Download the MP3 file of the original recording.
I USED TO TEACH a Mass Communications module in our creative multimedia curriculum that credited Thomas Alva Edison with making the spoken words "Mary had a little lamb" into the first recording. In several of our textbooks, Thomas Edison holds the title of "father of recorded sound". This academic term, a French student pointed to the 10-second recording of a singer crooning the folk song "Au Clair de la Lune" from an archive in Paris. A group of American audio historians believes the recording was made on 9 April 1860, on a phonautograph, a machine designed to record sounds visually, not to play them back. But the phonautograph recording, or phonautogram, was made playable when scientists at the Lawrence Berkeley National Laboratory converted the squiggles on paper to sound.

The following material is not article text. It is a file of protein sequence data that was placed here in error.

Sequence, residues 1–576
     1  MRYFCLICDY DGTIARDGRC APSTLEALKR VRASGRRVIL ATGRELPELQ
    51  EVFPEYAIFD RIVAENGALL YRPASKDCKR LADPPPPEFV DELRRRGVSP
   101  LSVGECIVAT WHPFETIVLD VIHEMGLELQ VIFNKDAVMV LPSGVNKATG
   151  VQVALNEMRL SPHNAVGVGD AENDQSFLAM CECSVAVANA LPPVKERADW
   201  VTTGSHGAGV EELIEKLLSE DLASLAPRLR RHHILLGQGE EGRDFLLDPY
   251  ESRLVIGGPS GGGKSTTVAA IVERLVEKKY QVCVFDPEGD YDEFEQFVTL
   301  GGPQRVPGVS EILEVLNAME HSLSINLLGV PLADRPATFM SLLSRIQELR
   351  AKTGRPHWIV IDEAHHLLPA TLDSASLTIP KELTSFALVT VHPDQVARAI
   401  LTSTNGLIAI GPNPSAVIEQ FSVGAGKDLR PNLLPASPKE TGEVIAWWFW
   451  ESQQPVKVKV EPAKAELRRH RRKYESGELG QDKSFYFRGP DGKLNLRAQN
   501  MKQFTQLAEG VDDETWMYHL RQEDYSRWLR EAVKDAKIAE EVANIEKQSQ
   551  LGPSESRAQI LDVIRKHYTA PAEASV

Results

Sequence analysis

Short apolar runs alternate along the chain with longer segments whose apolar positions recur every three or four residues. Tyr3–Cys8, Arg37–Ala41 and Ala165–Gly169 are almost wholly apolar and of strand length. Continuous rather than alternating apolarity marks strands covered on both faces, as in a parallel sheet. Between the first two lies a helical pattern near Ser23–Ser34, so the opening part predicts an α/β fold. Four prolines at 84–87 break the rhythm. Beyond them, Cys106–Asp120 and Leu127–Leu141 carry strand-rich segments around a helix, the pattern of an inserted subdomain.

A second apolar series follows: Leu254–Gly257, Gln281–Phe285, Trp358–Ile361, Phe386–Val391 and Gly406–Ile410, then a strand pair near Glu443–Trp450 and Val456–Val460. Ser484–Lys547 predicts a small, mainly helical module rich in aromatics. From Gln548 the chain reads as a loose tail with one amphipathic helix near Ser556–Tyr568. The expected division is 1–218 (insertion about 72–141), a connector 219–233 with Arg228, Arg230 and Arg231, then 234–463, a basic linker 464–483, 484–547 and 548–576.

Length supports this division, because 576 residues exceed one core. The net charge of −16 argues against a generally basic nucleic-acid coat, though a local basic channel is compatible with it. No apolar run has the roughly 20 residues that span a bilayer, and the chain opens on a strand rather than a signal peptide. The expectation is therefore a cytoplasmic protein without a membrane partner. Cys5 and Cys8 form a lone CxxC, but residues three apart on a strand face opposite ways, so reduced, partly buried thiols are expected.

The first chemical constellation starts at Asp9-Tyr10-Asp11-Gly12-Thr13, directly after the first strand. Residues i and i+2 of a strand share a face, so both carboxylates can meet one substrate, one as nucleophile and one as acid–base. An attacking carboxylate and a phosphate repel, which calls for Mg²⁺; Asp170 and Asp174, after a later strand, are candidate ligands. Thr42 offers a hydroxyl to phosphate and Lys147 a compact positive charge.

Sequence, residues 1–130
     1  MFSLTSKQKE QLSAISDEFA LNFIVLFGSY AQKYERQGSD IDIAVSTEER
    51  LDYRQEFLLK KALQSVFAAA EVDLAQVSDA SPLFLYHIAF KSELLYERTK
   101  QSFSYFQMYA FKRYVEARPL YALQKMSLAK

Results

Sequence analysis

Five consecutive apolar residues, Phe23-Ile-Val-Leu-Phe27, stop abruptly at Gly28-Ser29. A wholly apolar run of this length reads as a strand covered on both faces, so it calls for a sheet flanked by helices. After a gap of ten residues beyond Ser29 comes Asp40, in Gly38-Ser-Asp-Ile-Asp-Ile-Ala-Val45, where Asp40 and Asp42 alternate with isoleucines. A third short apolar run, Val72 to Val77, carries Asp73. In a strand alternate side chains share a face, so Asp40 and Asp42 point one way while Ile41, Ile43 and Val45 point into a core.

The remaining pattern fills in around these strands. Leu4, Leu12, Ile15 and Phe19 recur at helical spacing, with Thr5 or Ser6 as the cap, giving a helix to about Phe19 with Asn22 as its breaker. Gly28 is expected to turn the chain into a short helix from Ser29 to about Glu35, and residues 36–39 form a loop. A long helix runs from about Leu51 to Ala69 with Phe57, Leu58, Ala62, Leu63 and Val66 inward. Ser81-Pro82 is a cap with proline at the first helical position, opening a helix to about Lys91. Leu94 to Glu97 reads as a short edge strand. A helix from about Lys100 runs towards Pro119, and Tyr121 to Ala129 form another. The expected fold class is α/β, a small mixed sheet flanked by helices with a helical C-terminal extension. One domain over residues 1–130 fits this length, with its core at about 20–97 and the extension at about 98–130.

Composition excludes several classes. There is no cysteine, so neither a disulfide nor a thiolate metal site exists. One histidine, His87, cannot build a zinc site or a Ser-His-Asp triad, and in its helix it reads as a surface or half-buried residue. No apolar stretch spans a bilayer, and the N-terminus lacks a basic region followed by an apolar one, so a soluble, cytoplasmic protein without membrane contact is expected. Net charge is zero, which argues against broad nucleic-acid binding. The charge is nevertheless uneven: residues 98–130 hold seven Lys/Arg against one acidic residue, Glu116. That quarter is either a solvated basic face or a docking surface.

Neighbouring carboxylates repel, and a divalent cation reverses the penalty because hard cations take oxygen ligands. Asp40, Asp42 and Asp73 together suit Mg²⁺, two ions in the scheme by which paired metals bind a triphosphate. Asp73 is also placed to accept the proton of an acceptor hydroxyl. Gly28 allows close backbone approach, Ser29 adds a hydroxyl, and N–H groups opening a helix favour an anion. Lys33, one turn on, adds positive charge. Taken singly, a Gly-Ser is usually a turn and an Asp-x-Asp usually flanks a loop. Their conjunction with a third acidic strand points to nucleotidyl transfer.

Jody Rosen -- "Researchers find song recorded before Edison's phonograph" in the International Herald Tribune, 27 March 2008.
Photo by Isabelle Trocheris of the audio historian David Giovannoni with a recently discovered phonautogram that is among the earliest sound recordings.